Here is some specific tidbits T.A.S. shared recently with South Sound YMCA leaders about Problem Solving A3s. With improvements, it is good when you slow down the quick reaction and impulses to solve the problem, to really explore the deeper causes and examine data to ensure things are really as they seem at the surface. In A3 Problem Solving, the first three steps set you up so that the root cause analysis can be focused. Here are some key points around problem statements and target conditions-
Problem Statement development tips:
- Identify the GAP between the current state and the future/ideal state.
- The GAP is the problem
- Current state= what we know about today
- Future State= what we’d like it to be in the relatively near future (1.5 -2years)
- This may be based on national standards or other similar benchmarks
- Historical trends are also useful— look at several years data and see what trends are occurring in this category(ies). Examine whether the past year an anomaly? How does the organization sit with the national average? Is there a natural place where “normal” is around this data point?
- Ideal state is perfection. In some cases this is not a good benchmark to use for GAP definition. But in areas where we are designing something new, or trying to be innovative, or it already had good comparison to other benchmarks, it may be appropriate
- An example of ideal state: we’d like the number of workplace injuries to be zero injuries a year. But that may not be realistic, so in this case it would be better to align with a future state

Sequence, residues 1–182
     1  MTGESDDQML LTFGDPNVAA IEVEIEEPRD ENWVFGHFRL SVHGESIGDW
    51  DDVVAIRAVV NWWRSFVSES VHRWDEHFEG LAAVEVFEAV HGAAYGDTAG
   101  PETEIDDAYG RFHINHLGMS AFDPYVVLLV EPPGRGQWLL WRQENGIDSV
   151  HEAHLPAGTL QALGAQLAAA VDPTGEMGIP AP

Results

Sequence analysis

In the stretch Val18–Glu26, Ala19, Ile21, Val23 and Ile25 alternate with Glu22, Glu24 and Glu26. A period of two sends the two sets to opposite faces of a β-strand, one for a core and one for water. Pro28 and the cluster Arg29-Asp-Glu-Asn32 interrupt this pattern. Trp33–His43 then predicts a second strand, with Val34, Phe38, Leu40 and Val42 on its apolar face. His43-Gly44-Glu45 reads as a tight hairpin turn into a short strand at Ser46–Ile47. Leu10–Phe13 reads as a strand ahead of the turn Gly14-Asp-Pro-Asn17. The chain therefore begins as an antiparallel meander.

- The problem statement should set context about the current and future/idea and specifically describing the GAP. Using data in the Problem statement is absolutely appropriate
Target Condition development tips:
- Remember the 80 / 20 rule. 80% of your time is spent on 20% of the population. Here is an example of the 80 / 20 rule with staff— if we have 10 staff reporting to us, it is usually about 2 staff that take up about 80% of our managerial supervisor time and effort…. Just a rule of thumb. With problems the same is true.
- Think about what in the data is telling them is that 20% of the problem.
- The target needs to be focused… the rest of the A3 problem solving work will center around the Target statement. All root cause and action planning will be in direct response to this solid target statement.
- For example— If you have 11 different data points from an employee survey results that are not showing favorable data, our natural inclination is to improve all 11 points. That is way too much. But using the 80 / 20 rule you could:
- Identify two of the data points (~20%) could have the greatest impact on the net of all 11. And narrow focus that way, or
- (more ideal) Analyze the data and turn it sideways to think about common themes between all 11 that are issues and perhaps that is the 20% focus area that will have a 80% result?
- Remember the Target condition is a statement following a formula looking like this:
- Do what? (Action verb, e.g. increase / decrease)
- To What? (object, what to wish to improve and for whom)
- How Much? (magnitude of improvement, data & %s)
- By When? (Date, timeframe to reach target)
- As Measured by…
- There should not be a solution or a “how” it will be fixed in the Target condition.
- If someone pitches a target statement and the entire group just agrees immediately, you are not being serious about this step in the A3 Problem Solving process.